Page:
Waiting for the market to truly hit rock bottom

It's our greatest fear: overpaying. We're the group of people that NAMA is trying to target with its new mortgage programme, designed to insulate buyers from negative equity.

With our houses sold, we're renting and sitting tight until we believe that the market really is at rock bottom.

Most of us have no economic qualifications whatsoever and very little experience buying and selling houses. We've heard so many lies about 'soft landings' and the 'right time to buy' over the last few years that we really don't believe a word anyone has to say about the housing market, and we are terrified to jump in case we overpay.

It's human nature isn't it, to want to hold out for the lowest price possible?

We're staying put until we know for certain that we're not being ripped off.

There's an economic term for this phenomenon. It's called the liquidity trap. This occurs when people are afraid to spend money; in this case, to the housing market.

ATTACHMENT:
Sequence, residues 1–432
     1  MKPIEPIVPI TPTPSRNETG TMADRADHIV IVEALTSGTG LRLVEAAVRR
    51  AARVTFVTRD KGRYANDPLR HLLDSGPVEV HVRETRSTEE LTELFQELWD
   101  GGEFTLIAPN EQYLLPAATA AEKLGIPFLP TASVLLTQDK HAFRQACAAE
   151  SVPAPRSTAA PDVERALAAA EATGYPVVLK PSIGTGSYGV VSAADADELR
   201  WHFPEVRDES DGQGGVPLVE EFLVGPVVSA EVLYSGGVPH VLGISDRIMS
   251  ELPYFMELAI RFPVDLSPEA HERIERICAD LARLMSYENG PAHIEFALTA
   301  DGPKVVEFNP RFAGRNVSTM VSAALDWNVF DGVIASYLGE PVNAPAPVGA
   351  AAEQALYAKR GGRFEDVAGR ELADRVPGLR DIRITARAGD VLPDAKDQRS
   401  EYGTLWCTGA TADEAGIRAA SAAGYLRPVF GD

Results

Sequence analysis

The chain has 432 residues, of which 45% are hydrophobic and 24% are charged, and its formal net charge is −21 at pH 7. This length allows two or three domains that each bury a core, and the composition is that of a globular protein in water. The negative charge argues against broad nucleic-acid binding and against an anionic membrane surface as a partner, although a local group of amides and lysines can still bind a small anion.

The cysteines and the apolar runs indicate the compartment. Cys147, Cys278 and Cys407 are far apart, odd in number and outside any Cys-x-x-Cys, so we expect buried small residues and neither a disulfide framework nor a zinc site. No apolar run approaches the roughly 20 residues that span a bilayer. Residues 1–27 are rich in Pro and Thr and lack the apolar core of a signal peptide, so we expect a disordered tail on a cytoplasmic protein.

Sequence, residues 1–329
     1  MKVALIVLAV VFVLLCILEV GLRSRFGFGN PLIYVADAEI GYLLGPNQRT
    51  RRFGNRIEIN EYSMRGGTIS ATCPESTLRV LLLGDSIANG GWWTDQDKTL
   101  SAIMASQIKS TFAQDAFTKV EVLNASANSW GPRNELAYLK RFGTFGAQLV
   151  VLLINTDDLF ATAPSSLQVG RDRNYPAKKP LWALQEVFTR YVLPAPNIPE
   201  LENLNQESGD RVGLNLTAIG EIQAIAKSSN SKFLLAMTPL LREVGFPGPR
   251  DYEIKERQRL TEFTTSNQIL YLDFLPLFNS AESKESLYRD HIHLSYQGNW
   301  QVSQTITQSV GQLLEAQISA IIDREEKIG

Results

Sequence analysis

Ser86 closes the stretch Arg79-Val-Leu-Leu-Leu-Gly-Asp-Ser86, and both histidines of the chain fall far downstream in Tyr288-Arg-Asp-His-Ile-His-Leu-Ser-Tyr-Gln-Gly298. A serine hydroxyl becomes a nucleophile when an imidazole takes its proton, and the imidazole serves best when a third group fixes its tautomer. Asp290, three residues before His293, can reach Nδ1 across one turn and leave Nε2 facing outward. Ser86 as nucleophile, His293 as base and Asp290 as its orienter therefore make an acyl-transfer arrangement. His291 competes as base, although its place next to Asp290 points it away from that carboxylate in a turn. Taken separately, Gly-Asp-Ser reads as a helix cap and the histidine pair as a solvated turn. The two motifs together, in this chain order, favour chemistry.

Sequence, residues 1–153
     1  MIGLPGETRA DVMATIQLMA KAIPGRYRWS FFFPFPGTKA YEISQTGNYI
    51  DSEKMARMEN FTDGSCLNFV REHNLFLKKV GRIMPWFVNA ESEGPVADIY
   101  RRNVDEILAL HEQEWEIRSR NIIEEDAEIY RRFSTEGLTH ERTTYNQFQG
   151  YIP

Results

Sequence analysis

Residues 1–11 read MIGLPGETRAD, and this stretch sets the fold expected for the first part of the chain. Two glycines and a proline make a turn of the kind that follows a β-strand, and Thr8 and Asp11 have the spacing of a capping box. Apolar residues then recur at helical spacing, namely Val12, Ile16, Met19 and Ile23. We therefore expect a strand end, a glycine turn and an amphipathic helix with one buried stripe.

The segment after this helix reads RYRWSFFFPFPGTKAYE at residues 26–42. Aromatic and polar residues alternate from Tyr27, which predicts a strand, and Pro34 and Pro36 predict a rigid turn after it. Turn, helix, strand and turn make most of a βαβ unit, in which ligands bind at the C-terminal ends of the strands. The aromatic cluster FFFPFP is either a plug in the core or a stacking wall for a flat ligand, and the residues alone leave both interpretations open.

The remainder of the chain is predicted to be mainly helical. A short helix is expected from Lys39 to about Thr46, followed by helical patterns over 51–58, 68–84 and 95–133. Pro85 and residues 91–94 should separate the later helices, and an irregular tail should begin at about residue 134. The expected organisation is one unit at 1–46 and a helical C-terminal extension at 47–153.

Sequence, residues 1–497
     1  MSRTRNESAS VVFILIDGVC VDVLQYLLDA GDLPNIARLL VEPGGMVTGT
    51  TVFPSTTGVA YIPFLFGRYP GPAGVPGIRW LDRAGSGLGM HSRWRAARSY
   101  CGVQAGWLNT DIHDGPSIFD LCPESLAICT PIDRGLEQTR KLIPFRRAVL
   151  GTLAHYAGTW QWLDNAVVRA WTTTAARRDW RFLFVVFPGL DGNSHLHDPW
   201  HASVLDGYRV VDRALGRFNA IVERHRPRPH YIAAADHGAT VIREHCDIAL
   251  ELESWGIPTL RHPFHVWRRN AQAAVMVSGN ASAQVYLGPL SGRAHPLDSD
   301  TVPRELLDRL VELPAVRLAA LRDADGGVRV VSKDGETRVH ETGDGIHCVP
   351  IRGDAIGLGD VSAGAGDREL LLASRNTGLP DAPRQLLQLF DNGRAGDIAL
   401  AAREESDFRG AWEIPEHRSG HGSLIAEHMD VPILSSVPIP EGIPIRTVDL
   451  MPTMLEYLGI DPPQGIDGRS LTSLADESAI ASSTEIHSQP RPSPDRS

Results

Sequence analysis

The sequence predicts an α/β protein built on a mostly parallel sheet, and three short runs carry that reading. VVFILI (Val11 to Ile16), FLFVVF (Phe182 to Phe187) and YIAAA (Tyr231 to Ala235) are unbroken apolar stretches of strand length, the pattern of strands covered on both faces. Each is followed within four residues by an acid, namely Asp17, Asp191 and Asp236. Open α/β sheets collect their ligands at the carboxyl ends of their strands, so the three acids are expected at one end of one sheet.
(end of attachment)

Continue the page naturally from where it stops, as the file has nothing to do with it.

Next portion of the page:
This drives demand, and prices, down more until it all becomes a self-fulfilling prophecy.

It doesn't matter that house prices may have over-corrected by now, as the Central Bank said last week.

We tend to believe the reports that suggest there's another 20pc to come off house prices, or that it'll be a couple of years before the market bottoms out completely.

And if the potential buyers won't budge, there's no demand, and that equals even more falling prices.

On the face of it, this new scheme seems like a good idea; tempt the renters into the market with the guarantee that we won't overpay.

But some economists argue that interference in the property market is what got us into this property boom-and-bust cycle in the first place.

They say leave well alone and let it reach a natural bottom.

In that case, getting the abacus out and doing the sums might add up to the numbers you want.

The rest of us though are staying on the sidelines, waiting and waiting until we see that bottom in sight ...